Airebeat Records was formed as a local label in Leeds in northern England in early 1978, the name being derived from the river running through the centre of the city. The initial objective was to record and release a single by newly formed band "The Squares" in order to promote the band into independent charts, such as existed back then, with the ultimate goal being to secure the band a nationwide and beyond recording deal.

"No Fear", was released locally and beyond as a seven inch with picture sleeve on vinyl. It was put into local shopswhere it sold heavily. The band played a series of gigs to promote it and local radio play with interviews resulted. National distribution was obtained through Lightning and Rough Trade and the single was played on Radio One by John Peel. This was enough to secure the band a recording deal with American label Sire Records; the home of bands such as "The Ramones" and "Talking  Heads".

Due to the success of that project, other local artists came forward interested in further possible releases. These were necessarily limited as funding was always a problem. Some planned releases never saw the light of day. One example was a recording by all-girl group "The Straits", who were touring with "The Tom Robinson Band" at the time), being allocated a catalogue number number, (in this case "abt2"), yet the single was never pressed. Nevertheless a small catalogue was built up.

There were also later recordings by "The Squares", (some of which were released), under the name "The Bright Carvers", and others which similarly were never issued for release. Hence the planned production and release of two CDs containing these recordings.

The current remit is to make some of the original singles which have survived unplayed and in mint condition, available to collectors and the public alike, as well as to release previously unissued songs; and to provide an outlet for newer compositions and recordings, (see "Planned Releases").


The Squares were formed in early 1978 in the city of Leeds in the north of England. Patrick Hogan and Kevin Bates had been friends since school. They had previously been in a four piece playing on the local circuit and around northern England with the sets featuring their songs. Patrick sang lead and harmony vocals and played bass guitar. Kevin sang lead and harmony, and played lead and rhythm guitar. They both wrote the songs. But always separately.

Lead guitarist, Brian Hogan, joined and suggested a different more upbeat type of set that was more in tune with what was happening in London, as well as a different look. A fresh new set of songs was written, (mainly by Patrick), and quickly rehearsed. Brian was also the impetus behind recording a self-financed single.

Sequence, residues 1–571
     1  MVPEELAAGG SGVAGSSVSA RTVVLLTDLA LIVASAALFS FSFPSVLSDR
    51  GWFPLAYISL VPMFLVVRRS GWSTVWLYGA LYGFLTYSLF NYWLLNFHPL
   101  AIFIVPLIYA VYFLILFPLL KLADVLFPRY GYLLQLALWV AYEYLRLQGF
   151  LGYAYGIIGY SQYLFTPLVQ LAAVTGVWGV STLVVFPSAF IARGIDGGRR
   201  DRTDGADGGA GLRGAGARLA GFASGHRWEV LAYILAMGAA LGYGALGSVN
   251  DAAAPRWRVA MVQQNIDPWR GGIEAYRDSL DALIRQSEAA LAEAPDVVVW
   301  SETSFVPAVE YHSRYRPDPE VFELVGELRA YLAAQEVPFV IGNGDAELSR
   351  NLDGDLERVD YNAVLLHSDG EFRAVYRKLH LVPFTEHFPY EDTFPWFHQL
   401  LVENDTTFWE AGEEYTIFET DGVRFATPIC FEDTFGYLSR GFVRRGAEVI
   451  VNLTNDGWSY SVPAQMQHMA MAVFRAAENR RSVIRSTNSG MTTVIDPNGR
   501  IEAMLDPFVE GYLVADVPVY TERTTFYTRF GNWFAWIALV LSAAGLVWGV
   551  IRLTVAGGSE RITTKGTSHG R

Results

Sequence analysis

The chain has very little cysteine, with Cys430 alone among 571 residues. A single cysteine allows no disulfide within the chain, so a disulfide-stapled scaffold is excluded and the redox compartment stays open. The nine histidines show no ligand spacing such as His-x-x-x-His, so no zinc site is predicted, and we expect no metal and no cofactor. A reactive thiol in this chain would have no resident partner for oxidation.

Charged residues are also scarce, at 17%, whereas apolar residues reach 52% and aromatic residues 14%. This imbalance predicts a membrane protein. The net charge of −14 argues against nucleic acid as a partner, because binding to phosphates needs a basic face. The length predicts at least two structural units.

A lot of the released songs bear more than one writing credit, but this was more of a democratic decision rather than a reflection of the contribution of the actual writer.

Without a drummer at that time, exhaustive auditions were held, but no one seemed to fit the bill. The new songs required vibrant energetic beats to match a frenetic high tempo set. In the end, Kevin decided to play drums until the right person was found. This meant that the band was now a three piece; and bass and guitar would be very busy to fill any gaps. Vocals were down to lead and harmony only, instead of three-part. This probably added more of a raw edge anyway, and took the sound a step further away from polished pop.

A single was quickly recorded in less than three hours at a local studio. The resulting recording, 'No Fear', was released on local label Airebeat records, and most of the copies pressed were sold: a lot of them at packed out concerts. Half the pressing was sold to national distributors, 'Lightning' and 'Rough Trade', based in London. The single attracted local radio play and a couple of interviews on Radio Leeds. John Peel played the single one night on Radio 1 and it was heard by Sire Records President Seymour Stein. He obtained a copy from Rough Trade.

After this, he contacted the band. The single was in the Independent chart top 40. He was looking for a UK band to promote to coincide with Sire's new distribution deal with Warner Bros. So only 3 months after the formation of The Squares, the band had a recording deal.

'No Fear' was re-recorded in Air studios in London, produced by Tommy Ramone of The Ramones, (real name Tommy Erdelyi). Another track, 'Magic Love', was also recorded there, and later released on the Sire sampler album 'The Sire Machine Turns You up'.. 'No Fear' was released in September 1978 with the original Airebeat 'B' side recording of 'Nobody's Fool'. It was not promoted very well.

A second single was recorded in January 1979 at Rockfield studios in Wales, and produced by Hugh Jones. It featured the songs 'Stop Being A Boy' and 'This Is Airebeat''. Sire records' big mistake here was in not being able to decide which song should be the 'A' side. So unconventionally at the time, it became a double 'A' side. This caused confusion at the radio stations. It received heavy local play throughout the country and many plays on Radio 1 in the first couple of weeks of release, but different programmes played different sides of the disc.

It was reviewed by the national music press like New Musical Express and Record Mirror, again citing different songs. To all intents and purposes, it looked like the band had two singles out at the same time. Anne Nightingale made 'This Is Airebeat' her record of the week in the national newspaper the Sunday Express, whereas, most radio stations tended to play 'Stop Being A Boy'.